Those terms refer to the sets of chromosomes in each cell, and they matter to you as well as to breeders because they tell you things about plant habit:
Diploids are closer to old-fashioned daylilies. They tend to have smaller flowers and more of them, and they tend to be less imposing, easier to integrate into mixed borders, sometimes floppy but almost always graceful .
Tetraploids are – well, beefy would be a word. The plants are usually robust. Stalks are stiff. Flowers are large and substantial and often very strongly colored.
The latest prize-winning introductions can cost as much as a good Paris hat – 2 or 3 hundred dollars for a single division – but there are gazillions of others in the 10 to 20 dollar range. Plenty of places offer plants for less, but as usual, there is a bottom price below which you are likely to get either low quality, very common plants or divisions so mingy you’ll have to wait a long time before much of anything happens.
Okay, what haven’t I mentioned? If you already have daylilies, you know: deer! They eat daylilies – or, more accurately they eat the flowers. Some tips on how to prevent this will appear here next week.
Once it’s too cold to just go outside in whatever you have on, it might as well snow, as far as I’m concerned. From the garden and home design point of view, snow is the great freebie of all time.
For one thing, it’s wonderful insulation, like tiny bubble bubble wrap. A thick layer on the garden keeps soil temperatures even, so you don’t get the freeze-thaw cycles that lift soil and rip roots from the ground. It also protects tender plant crowns from drying sun and wind. And old-timers know your house stays a lot warmer when there’s a good heap of snow all around the foundation. Of course, it will also stay a lot wetter if that foundation has issues.
But enough of practicality! the truly great thing about snow is it’s gorgeous. Even when it isn’t frosting dark tree limbs and setting off the statuary, it’s simplifying the landscape, unifying discordant elements, covering dead weeds and patchy grass like an act of natural forgiveness.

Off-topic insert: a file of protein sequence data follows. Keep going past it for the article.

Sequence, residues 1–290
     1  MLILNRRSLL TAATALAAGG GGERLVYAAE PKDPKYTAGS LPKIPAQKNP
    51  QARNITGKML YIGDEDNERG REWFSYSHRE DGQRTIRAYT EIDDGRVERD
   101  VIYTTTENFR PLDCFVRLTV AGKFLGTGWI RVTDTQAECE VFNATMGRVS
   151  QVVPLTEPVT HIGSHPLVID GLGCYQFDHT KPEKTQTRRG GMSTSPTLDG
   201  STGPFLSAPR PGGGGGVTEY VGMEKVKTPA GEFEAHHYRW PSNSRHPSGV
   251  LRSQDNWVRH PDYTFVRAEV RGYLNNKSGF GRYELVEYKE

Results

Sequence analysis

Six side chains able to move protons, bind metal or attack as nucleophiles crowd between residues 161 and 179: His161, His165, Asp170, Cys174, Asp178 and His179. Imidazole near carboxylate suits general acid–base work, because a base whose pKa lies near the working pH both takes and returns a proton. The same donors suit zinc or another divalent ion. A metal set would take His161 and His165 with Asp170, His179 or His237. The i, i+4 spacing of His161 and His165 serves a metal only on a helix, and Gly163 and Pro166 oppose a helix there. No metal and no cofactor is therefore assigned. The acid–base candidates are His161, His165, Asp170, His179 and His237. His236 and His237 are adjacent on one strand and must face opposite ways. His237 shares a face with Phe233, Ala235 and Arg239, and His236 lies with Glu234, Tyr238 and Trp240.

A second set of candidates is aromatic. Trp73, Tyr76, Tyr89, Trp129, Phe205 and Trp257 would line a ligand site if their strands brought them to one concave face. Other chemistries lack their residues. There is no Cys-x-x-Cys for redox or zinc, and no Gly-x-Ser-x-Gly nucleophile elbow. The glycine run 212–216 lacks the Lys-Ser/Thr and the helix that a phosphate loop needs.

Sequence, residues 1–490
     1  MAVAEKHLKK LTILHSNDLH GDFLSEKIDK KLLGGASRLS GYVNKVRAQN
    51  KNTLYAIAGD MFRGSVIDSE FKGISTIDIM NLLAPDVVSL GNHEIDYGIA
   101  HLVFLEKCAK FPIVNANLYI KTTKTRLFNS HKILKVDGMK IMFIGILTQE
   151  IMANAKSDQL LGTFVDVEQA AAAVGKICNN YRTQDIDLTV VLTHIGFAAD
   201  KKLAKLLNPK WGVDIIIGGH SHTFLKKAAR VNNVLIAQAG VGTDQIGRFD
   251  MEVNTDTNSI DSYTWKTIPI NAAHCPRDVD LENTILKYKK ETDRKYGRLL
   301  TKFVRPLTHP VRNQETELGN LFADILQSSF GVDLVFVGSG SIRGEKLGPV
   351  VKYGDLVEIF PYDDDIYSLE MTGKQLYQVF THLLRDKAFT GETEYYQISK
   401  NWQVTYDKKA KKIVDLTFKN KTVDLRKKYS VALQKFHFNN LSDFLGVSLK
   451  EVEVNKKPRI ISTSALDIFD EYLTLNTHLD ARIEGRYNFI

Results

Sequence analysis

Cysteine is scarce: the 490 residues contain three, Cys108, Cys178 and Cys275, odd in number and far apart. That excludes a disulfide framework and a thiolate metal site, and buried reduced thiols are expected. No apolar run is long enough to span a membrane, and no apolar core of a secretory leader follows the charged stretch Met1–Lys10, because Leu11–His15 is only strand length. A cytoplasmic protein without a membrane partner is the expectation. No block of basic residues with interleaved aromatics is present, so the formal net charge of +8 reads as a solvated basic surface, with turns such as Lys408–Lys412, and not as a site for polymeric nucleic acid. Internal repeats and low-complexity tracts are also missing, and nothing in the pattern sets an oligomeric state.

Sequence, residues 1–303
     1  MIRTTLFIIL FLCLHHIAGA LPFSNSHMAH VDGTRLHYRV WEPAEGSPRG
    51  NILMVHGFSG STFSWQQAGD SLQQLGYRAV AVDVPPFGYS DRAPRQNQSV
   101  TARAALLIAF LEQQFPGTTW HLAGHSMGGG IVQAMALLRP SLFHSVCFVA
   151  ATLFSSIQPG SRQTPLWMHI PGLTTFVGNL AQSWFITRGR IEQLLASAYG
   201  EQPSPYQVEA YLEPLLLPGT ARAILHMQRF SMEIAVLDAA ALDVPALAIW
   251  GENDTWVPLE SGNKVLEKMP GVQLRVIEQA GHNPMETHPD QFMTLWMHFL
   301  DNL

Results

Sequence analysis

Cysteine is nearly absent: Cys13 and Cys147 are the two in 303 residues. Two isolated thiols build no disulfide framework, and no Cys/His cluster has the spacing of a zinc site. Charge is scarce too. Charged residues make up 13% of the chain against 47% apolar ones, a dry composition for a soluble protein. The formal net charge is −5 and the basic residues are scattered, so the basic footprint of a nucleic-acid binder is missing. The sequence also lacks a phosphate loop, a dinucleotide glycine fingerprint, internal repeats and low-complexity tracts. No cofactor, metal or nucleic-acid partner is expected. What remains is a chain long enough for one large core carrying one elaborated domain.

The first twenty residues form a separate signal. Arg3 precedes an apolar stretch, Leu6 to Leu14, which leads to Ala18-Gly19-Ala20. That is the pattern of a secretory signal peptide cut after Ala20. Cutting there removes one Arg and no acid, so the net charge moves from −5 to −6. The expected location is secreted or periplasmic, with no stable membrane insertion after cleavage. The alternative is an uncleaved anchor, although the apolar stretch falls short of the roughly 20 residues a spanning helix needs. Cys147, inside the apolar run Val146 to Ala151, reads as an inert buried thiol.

Of course nothing is perfect. There are two ungreat things about snow: one being that the stuff is heavy, the other that you usually have to remove some. Specifics vary but there is one huge big general rule: sooner is better than later, and the wetter the snow the truer that is.
Removing snow from trees and shrubs:
*Start by being sure you have to. Ice is a lot more likely to cause problems; most plants have lots of natural bending capacity, and being whacked is not frozen bark’s idea of a good time. But branches that stay deeply bent for more than a couple of days may never spring back, and if they must bear additional snow they may break under the load.
* When snow-removal is called for, use the brush end of a broom to gently and slowly push branches UPWARD until the snow falls off. The natural inclination is to push down, but of course that means the poor branch is getting hammered double.
* When you get done, consider bundling anything that’s especially vulnerable – arborvitaes, hemlocks and boxwoods, for instance. It only takes a few minutes to apply a loose wrapping of wide-mesh netting and secure it with a few twists of twine.
Removing snow from walkways:
* Even walks that appear to be on level ground often have uphill and downhill sides. Don’t forget to pile the snow on the downhill side, to minimize runoff over the path, and don’t forget to throw that pile well off to the side, so the runoff has somewhere to run. Are there thick shrubs in the way? Make a note on the April calendar to do something about that. I will too, and we can talk about solutions then.
* By now I hope it’s no longer news that using sodium chloride to melt ice is right up there with driving a Hummer for environmental bad behaviour: the stuff corrodes metal, flakes concrete and mortar, damages soil structure, wounds and kills plants, then pollutes both surface and groundwater. Regrettably, alternatives like magnesium chloride and calcium chloride aren’t all that much better. Yet having an icy walkway is also on the anti-social side. What to do?
Two choices – or three, if you’re feeling flush
Choice 1. After shoveling – or even better, before it starts snowing – use a de-icer based on Calcium Magnesium Acetate (CMA to its friends ). It’s still not great for the surface water, but it doesn’t tend to keep seeping down; it’s a lot less corrosive than the chlorides and it seldom damages plants.
Choice 2 : provide traction with coarse gravel, (non-clumping) kitter litter or anything similar. These products are benign outdoors and won’t come in if you keep a stiff bootbrush beside the door. On a somewhat grander scale, most big hardware and building supply stores sell stiff cleated traction mats. You do need to have a place to store them but other than that they’re effortless, and do not require you to nag anybody about entrance etiquette.
Choice 3: go for hot rubber – the electrified rubber mats used by restaurants and stores. At anywhere from 4 to 6 hundred bucks for a 3×5 or 6 foot section they are certainly the expensive spread; they do draw a fair amount of power; and they work best if you turn them on as soon as it starts snowing. But they last a long time, can be left in place all season, and if you love someone who has fragile bones, may well be worth every penny.